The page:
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B.C. reaches all-time high of 534 patients in hospital with COVID-19

There are a record 534 patients in hospital with COVID-19 across British Columbia, the province announced Thursday.

Of those, 102 patients are in intensive care.

The total number of infectious patients tops the previous high of 515 recorded back in April, at the height of the third wave, though it's unclear whether there are differences in the severity of illness now that Omicron is the dominant variant.

Provincial health officer Dr. Bonnie Henry is expected to provide a more detailed picture of hospitalization numbers during a modelling presentation on Friday.

Last week, Henry acknowledged there have been challenges across the country in separating severe cases requiring hospital care from incidental infections, and that the numbers provided are not a perfect measurement.

"We're in the process right now of trying to tease through what's the best measure for us to understand the impact of Omicron on the severity of illness and on hospitalizations," she said at the time.

Hospitalizations have come into greater focus since B.C.'s testing capacity became overwhelmed late last year, in the midst of unprecedented transmission. Because healthy people with mild symptoms are being told to self-isolate and forego testing, daily case numbers are not currently considered a reliable measure of the state of the pandemic in the province.

The Ministry of Health announced 2,554 cases on Thursday, including six epidemiologically linked infections.

Deaths related to COVID-19 have also been increasing. The province announced seven coronavirus-related fatalities on Thursday, bringing the seven-day average up to 4.57 per day.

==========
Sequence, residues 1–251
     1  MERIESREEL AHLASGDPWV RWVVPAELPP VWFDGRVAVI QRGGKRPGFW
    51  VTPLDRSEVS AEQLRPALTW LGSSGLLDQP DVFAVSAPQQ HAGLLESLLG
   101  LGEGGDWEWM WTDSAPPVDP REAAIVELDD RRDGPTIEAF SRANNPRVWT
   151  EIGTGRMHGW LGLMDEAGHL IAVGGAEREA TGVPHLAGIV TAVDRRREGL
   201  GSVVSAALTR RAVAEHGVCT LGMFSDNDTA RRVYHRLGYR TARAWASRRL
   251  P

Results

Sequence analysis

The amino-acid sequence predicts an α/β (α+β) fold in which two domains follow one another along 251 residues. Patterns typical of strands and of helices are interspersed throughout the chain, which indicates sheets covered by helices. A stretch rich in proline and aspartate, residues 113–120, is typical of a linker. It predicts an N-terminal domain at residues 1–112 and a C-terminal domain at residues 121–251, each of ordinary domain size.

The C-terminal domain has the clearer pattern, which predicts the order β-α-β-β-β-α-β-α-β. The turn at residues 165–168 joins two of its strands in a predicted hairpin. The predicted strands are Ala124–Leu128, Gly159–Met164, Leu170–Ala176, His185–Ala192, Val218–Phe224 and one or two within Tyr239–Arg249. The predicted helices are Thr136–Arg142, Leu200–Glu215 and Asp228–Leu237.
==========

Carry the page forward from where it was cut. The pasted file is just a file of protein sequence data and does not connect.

The average had dropped to 1.29 per day by the end of December, and remained there for several days, but has been increasing steadily over the last week. It's still well below the all-time high of 19 deaths per day recorded in December 2020, before most of the province was vaccinated.

While Omicron has caused many breakthrough infections, Henry said people who are fully immunized against COVID-19 appear to experience milder symptoms.

"One of the things that is becoming very, very clear is that this strain of the virus is absolutely mostly mild in people who have the protection that vaccination offers," Henry said Tuesday. "But if you are unvaccinated, you don't have that protection, and your personal risk has gone up dramatically in some communities."

So far, 88.9 per cent of B.C. residents age five and older have received their first dose of COVID-19 vaccine, and 83.3 per cent have received two. Just over 31 per cent of adults have also had a booster shot.

Earlier on Thursday, the province announced a shortened interval for pregnant people waiting to receive their booster. Adults who are pregnant can now get their third dose eight weeks after their second, something many had been pushing for, both because pregnancy puts people at higher risk of severe COVID-19 outcomes and because vaccine protection can be transferred to babies before they are born.

The Ministry of Health also announced five more outbreaks in health-care facilities, at Lakeview Lodge, Hamlets in Vernon, Brocklehurst Gemstone, Dufferin Place and Beacon Hill Villa.

Another at Aberdeen Hospital has been declared over, leaving 53 active outbreaks across the system. As recently as Dec. 22, there were zero. Top Stories

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